Friday, March 1(, 1943

The Charlotte News

Friday, March 19, 1943


Site Ed. Note: The front page reports of the continued offensive by General Patton, sending his men marching through knee-high mud and rain, to take El Guettar, twelve miles southeast of Gafsa, taken Wednesday. El Guettar, as had been Gafsa, was captured with little opposition, the enemy forces having already fled the town in advance of Patton’s arrival. (You would, too.)

Patrols were fanned out toward the Gulf of Gabes, toward Maknassy and Mahares, to squeeze the corridor between the forces of Rommel and von Arnim. (No patrols yet were reported, however, headed for Milner; nor were any Corvettes yet evident on the scene, even if it was now Friday night.)

The map shows the area of renewed Allied effort, El Guettar having restored the territory held by the Allies in the northern sector of Tunisia two months earlier.

To the south, below the Mareth Line, the Eighth Army under the command of General Montgomery was slowly pressing the issue to bottle up the Axis forces and deposit them in the drink.

German broadcasts predicted a flanking maneuver by the Eighth Army around the Mareth Line.

In the deepest penetration yet inside German territory by American fliers, a squadron of Flying Fortresses and Liberators attacked Vegesack, a submarine base near Bremen, laying their bombs with success as a boon to mankind and then fending off a hundred enemy aircraft, "Focke-Fulfs" and Messerschmitts, effecting their escape. (Eh, what's up, Doc?) The Flying Fortress "Suzie Q", mentioned in a column during the previous couple of months or so as one of many aeroplanes with applications of appellations colorful, reported a possible bag of five enemy aircraft.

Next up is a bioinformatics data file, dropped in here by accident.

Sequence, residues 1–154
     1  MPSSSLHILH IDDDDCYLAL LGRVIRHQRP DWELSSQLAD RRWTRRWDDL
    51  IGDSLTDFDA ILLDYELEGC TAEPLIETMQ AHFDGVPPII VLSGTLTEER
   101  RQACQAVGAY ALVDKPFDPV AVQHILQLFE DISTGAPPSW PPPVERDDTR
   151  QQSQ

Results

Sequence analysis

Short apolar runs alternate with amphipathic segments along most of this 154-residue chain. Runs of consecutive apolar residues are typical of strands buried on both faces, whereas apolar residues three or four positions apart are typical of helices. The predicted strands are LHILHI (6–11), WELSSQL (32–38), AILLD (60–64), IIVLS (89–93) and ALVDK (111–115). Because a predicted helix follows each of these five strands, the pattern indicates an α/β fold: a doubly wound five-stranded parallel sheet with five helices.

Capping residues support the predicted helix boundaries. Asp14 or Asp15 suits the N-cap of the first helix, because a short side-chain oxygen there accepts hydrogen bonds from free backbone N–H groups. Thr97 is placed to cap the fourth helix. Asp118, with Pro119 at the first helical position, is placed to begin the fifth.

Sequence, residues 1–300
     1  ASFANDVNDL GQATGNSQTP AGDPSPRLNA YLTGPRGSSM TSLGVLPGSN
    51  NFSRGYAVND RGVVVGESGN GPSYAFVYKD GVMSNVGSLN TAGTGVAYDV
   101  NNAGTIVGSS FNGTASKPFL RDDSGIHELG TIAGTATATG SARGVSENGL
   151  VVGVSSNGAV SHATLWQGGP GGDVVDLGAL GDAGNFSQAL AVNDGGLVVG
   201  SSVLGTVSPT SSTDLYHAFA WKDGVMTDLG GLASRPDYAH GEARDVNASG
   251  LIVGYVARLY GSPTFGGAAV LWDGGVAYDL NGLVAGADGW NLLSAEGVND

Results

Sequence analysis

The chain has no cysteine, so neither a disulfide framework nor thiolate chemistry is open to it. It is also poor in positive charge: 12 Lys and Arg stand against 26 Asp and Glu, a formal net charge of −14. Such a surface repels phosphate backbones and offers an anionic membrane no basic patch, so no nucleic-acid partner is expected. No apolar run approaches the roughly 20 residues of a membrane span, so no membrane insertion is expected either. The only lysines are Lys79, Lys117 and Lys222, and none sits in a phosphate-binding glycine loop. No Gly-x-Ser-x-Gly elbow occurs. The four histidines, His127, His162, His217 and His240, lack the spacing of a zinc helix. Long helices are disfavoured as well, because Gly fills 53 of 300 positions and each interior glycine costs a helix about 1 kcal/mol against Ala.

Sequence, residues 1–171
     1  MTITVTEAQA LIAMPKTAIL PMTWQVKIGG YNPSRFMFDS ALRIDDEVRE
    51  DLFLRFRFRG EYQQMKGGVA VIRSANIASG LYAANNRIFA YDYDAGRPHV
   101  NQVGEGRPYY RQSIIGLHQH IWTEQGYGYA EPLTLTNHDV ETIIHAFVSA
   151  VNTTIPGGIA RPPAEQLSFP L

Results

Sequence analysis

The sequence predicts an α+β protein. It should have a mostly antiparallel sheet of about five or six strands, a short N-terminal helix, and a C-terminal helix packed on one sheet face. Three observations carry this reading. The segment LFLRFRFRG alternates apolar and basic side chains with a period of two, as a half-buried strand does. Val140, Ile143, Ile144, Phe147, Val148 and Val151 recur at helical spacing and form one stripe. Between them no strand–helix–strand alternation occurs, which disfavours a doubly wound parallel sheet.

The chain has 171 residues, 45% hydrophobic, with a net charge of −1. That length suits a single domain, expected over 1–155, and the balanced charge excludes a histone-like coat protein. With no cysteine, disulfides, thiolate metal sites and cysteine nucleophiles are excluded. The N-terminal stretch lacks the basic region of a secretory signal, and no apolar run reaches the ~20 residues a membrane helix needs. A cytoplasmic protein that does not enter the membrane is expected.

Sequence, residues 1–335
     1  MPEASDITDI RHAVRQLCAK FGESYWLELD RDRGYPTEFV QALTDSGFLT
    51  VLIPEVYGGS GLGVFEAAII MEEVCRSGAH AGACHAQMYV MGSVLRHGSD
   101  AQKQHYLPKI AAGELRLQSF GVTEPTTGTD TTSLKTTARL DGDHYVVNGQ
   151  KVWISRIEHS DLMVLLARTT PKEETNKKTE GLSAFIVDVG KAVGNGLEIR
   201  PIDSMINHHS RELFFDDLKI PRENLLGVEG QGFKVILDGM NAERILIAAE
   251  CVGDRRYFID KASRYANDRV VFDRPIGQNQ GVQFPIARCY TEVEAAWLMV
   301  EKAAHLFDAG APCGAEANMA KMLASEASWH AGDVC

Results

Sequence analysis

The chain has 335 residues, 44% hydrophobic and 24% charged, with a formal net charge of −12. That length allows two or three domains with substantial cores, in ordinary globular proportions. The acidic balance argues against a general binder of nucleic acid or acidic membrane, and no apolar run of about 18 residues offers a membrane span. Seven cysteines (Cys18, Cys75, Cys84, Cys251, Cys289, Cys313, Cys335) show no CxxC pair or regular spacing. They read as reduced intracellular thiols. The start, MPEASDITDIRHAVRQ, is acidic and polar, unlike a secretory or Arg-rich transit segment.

In a wide-body sweep, the broadest yet of the war in the Pacific, stretching over hundreds of miles, General MacArthur sent bombers on missions over the island of Timor, to the west off Australia, and to the Japanese strong points remaining in New Guinea, Madang and Salamaua, as well as to Gasmata on New Britain, to the northeast of New Guinea.

Lt.-General Hap Arnold, head of the Army air forces, was promoted for the duration to brevit full general.

French Guiana, home of Devil's Island, announced its swing to the side of General Giraud from Vichy, indicative of a move likewise perhaps by Martinique, Guadeloupe, and the other islands within the French West Indies. (We're still here, you…)

In shark-infested waters off the coast of Brazil on March 2, 241 passengers on a torpedoed and quickly sinking passenger ship, the Alfonso Penna, flying the flag of Brazil, were hailed by the crew of the Italian submarine which had fired the fatal shell and offered sanctuary aboard. Scores of female passengers, however, chose instead to dive into the perilous sea and the certain fate awaiting them rather than accede to the captivity also promised by the offer of help. Eventually, an American oil tanker picked up the remaining survivors.

In Alabama, there was, reported in picture and brief story, probably telling many a tale into the future, a parachutist up a tree.

On the editorial page, "Up, Patton" praises the appointment of the column's "favorite general" to the command of the American infantry forces in Tunisia. In a piece titled "Fireball", appearing November 20, the column had presaged the appointment.

It speculates on whether General Fredendall would be continued as a subordinate in the theater, or whether he was being disciplined for his loss at Kasserine Pass, despite an heroic recovery, which the column had praised in "Victory Coup", March 2. It expresses hope, albeit in vain by this point, that General Fredendall would be maintained in the theater while also predicting, quite accurately, that General Patton would become "America's No. 1 hero" from the command position.

Now, of course, and since 1970, it is very difficult for anyone not living through World War II to imagine and separate out any Patton besides the one portrayed by George C. Scott so vividly and ineradicably in the film, President Nixon’s favorite war film.

It is likewise, probably, hard for a yet younger audience, not born or of very much age in 1970, to imagine an actor or actress refusing to accept the Academy Award. But, that is precisely what Mr. Scott did, to many catcalls and to some praise for his bold statement, in protest of what he regarded as the reward by the Academy more typically than not of mediocrity, a sentiment which we find agreeable.